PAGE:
>>
>> Write of size 8 by thread T210 (K740):
>>  [<ffffffff81266435>] __inode_add_bytes+0x55/0xd0 fs/stat.c:451
>>  [<ffffffff812f90c0>] inode_claim_rsv_space+0x60/0xa0 fs/quota/dquot.c:1557
>>  [<ffffffff812f9f7b>] dquot_claim_space_nodirty+0x3b/0x280 fs/quota/dquot.c:1721
>>  [<     inlined    >] ext4_da_update_reserve_space+0x13b/0x2c0
>> dquot_claim_block include/linux/quotaops.h:345
>>  [<ffffffff81335dab>] ext4_da_update_reserve_space+0x13b/0x2c0
>> fs/ext4/inode.c:350
>>  [<ffffffff81384cf0>] ext4_ext_map_blocks+0x1570/0x1a30 fs/ext4/extents.c:4597
>>  [<ffffffff8133610a>] ext4_map_blocks+0x1da/0x7b0 fs/ext4/inode.c:592
>>  [<     inlined    >] ext4_writepages+0x976/0x1480
>> mpage_map_one_extent fs/ext4/inode.c:2109
>>  [<     inlined    >] ext4_writepages+0x976/0x1480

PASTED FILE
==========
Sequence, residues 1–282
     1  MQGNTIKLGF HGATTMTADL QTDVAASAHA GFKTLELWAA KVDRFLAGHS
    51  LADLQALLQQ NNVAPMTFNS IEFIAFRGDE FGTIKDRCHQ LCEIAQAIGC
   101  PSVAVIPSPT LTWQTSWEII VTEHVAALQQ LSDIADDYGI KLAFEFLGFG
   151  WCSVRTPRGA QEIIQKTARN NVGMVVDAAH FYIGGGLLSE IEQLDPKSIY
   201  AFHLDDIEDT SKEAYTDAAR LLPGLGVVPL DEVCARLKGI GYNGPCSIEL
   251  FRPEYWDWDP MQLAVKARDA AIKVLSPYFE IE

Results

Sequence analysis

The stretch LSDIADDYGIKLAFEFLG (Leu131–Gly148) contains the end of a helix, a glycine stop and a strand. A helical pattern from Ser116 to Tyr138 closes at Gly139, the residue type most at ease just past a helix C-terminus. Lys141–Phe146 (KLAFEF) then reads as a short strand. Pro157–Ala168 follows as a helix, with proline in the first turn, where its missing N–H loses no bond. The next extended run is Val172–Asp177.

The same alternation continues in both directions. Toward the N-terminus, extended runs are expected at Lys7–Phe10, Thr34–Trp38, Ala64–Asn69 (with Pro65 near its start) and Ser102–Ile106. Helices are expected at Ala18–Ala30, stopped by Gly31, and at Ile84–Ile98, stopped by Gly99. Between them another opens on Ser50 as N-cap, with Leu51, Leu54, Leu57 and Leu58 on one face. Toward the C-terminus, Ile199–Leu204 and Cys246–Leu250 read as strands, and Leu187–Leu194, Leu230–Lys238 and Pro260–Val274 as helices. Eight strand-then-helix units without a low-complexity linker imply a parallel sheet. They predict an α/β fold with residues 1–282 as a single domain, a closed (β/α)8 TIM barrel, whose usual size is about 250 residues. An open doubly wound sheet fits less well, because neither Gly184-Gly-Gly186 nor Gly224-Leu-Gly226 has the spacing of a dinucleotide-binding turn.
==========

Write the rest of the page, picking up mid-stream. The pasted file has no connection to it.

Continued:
>> mpage_map_and_submit_extent fs/ext4/inode.c:2165
>>  [<ffffffff8133b7b6>] ext4_writepages+0x976/0x1480 fs/ext4/inode.c:2508
>>  [<ffffffff811dbd23>] do_writepages+0x53/0x80 mm/page-writeback.c:2332
>>  [<ffffffff812a76bf>] __writeback_single_inode+0x7f/0x530
>> fs/fs-writeback.c:1259 (discriminator 3)
>>  [<ffffffff812a7fd4>] writeback_sb_inodes+0x464/0x690 fs/fs-writeback.c:1516
>>  [<ffffffff812a82c1>] __writeback_inodes_wb+0xc1/0x100 fs/fs-writeback.c:1562
>>  [<ffffffff812a86ae>] wb_writeback+0x3ae/0x450 fs/fs-writeback.c:1666
>>  [<     inlined    >] wb_workfn+0x203/0x780 wb_do_writeback
>> fs/fs-writeback.c:1801
>>  [<ffffffff812a91c3>] wb_workfn+0x203/0x780 fs/fs-writeback.c:1852
>>  [<ffffffff810b06ce>] process_one_work+0x28e/0x710 kernel/workqueue.c:2036
>>  [<ffffffff810b1299>] worker_thread+0xb9/0x750 kernel/workqueue.c:2170
>>  [<ffffffff810b9c61>] kthread+0x161/0x180 kernel/kthread.c:209
>>  [<ffffffff81eb0a1f>] ret_from_fork+0x3f/0x70 arch/x86/entry/entry_64.S:526
>>
>> Previous read of size 8 by thread T512 (K7200):
>>  [<     inlined    >] ext4_mark_iloc_dirty+0x454/0xe20
>> ext4_inode_blocks_set fs/ext4/inode.c:4272
>>  [<     inlined    >] ext4_mark_iloc_dirty+0x454/0xe20
>> ext4_do_update_inode fs/ext4/inode.c:4430
>>  [<ffffffff8133a014>] ext4_mark_iloc_dirty+0x454/0xe20 fs/ext4/inode.c:4937